Construction & Working [Video Lesson]

ACB has two sets of contacts i.e. main and auxiliary contacts. Each set of contact consists of a fixed contact and a moving contact. The main contact normally carries most of the load current. All the contacts are made of cadmium-silver alloy which has very good resistance to damage by arcing.


When the ACB is closed, the powerful spring is energized and the ACB is then latched shut against spring pressure. The auxiliary contact makes first & breaks last i.e. when ACB is closed, the auxiliary contact closes first then the main contact follows.


When the ACB is open, the main contact open firsts, and then the auxiliary contact opens. Thus the auxiliary contacts are subjected to arcing during the opening of ACB and can easily be replaced. The main contact closing pressure is kept high so that the temperature rises in the contacts while the carrying current remains within the limit. A closing coil operating on D.C voltage from a rectifier is provided to close the circuit breaker by operating a push button.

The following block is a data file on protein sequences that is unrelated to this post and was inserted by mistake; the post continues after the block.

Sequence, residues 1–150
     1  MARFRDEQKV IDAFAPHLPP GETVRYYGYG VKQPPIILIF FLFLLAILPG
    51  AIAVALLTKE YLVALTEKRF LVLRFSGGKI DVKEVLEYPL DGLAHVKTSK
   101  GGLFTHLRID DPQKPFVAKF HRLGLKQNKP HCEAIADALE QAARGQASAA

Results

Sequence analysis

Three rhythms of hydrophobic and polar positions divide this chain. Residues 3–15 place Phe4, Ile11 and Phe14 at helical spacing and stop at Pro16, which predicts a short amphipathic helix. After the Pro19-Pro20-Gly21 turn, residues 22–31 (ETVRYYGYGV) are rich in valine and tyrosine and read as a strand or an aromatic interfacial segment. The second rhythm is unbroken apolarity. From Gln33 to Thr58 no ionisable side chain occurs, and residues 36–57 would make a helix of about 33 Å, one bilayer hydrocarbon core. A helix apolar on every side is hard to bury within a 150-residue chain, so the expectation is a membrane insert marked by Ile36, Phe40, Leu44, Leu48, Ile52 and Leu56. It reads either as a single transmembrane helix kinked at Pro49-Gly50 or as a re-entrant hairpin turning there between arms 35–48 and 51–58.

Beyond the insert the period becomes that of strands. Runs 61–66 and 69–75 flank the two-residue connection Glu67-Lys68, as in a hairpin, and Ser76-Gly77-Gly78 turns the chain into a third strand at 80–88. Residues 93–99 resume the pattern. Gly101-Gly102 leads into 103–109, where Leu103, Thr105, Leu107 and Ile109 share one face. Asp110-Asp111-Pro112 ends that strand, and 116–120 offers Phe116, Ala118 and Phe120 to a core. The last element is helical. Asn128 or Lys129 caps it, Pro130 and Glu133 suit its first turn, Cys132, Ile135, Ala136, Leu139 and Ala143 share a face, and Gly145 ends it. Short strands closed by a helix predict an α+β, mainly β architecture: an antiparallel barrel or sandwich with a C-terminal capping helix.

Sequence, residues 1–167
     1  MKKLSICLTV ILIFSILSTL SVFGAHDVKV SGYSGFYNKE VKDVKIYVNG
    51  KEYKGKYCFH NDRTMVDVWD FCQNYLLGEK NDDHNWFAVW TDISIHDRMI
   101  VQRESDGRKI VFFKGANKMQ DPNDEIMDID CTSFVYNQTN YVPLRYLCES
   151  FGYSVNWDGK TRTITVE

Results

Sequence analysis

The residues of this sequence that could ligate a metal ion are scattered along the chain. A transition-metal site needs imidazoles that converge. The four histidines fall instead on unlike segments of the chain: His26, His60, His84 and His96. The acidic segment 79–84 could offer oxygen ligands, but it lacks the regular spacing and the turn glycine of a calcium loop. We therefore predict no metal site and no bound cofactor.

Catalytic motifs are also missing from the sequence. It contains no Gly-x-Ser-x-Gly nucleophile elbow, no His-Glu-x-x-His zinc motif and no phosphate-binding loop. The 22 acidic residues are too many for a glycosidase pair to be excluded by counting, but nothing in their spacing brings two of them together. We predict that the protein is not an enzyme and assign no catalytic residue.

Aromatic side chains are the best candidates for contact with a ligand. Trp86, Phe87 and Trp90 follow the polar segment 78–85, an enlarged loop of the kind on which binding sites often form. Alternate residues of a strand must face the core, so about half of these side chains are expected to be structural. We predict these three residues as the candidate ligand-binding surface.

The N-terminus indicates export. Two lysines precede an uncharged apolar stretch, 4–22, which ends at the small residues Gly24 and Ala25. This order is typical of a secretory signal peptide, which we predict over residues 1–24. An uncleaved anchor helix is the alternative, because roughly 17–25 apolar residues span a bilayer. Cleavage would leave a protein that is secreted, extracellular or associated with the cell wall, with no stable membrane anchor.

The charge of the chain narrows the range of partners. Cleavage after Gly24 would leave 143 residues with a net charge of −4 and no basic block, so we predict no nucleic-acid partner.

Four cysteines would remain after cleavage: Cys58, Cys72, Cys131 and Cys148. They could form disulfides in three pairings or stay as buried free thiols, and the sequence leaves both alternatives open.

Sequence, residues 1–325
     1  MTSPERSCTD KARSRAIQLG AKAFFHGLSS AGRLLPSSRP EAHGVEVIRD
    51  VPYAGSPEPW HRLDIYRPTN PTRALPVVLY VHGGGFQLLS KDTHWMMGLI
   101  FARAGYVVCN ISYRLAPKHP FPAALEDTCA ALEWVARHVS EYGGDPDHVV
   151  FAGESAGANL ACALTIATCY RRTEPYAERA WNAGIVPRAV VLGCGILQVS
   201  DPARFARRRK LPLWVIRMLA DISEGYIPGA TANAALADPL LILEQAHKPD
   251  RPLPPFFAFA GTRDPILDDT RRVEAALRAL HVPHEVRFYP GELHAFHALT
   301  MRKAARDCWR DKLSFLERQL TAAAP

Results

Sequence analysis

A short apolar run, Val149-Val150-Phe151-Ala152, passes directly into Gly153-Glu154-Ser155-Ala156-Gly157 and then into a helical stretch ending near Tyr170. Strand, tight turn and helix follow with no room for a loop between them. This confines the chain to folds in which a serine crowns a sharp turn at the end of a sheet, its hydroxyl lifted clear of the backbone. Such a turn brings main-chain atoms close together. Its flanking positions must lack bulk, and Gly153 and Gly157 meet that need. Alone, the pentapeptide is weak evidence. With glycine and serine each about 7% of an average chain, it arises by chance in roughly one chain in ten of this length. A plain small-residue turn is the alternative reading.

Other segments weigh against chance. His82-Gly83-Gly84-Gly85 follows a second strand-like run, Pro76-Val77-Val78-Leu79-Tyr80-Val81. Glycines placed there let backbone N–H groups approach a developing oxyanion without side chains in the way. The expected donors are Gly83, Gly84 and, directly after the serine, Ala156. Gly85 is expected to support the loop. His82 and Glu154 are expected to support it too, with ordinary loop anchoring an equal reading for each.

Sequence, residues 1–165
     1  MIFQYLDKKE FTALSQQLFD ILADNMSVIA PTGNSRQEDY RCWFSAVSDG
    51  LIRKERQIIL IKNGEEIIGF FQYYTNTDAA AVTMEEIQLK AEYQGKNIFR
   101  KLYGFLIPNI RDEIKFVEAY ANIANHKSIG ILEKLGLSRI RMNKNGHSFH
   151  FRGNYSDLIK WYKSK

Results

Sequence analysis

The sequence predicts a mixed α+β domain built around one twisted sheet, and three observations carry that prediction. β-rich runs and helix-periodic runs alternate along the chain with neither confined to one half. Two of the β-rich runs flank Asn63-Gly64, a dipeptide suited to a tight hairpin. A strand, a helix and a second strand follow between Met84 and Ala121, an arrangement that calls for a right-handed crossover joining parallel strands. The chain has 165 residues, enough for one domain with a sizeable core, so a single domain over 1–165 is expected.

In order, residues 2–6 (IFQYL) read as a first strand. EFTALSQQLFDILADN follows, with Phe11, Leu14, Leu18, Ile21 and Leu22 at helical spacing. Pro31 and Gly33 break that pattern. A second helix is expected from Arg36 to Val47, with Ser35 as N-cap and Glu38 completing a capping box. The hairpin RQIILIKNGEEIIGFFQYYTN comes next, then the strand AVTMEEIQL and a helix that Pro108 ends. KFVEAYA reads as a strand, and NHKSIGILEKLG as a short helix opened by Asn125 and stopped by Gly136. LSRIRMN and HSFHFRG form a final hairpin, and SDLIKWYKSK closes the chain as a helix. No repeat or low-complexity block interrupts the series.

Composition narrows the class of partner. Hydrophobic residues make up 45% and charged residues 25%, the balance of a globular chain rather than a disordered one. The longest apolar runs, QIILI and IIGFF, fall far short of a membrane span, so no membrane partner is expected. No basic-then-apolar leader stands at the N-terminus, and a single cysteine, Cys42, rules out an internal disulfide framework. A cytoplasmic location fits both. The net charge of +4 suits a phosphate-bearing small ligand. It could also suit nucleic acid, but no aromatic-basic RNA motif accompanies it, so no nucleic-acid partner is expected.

How Arc Quenching is Achieved?

Quenching of the arc is achieved by:

1. Using arcing contacts made of resistance alloy and silver tips for the main contacts. Arcing contacts close earlier and opens later than the main contacts.

2. When opening contacts have long travelled at high speed to stretch the resultant arc, which is transferred to the arcing contact.

3. Cooling and splitting of the arc are done by arc chutes which draw the arc through splitters by magnetic action and quickly cool and split the arc until it snaps. The circuit breaker opens when the arc is quenched.


Video Lesson:

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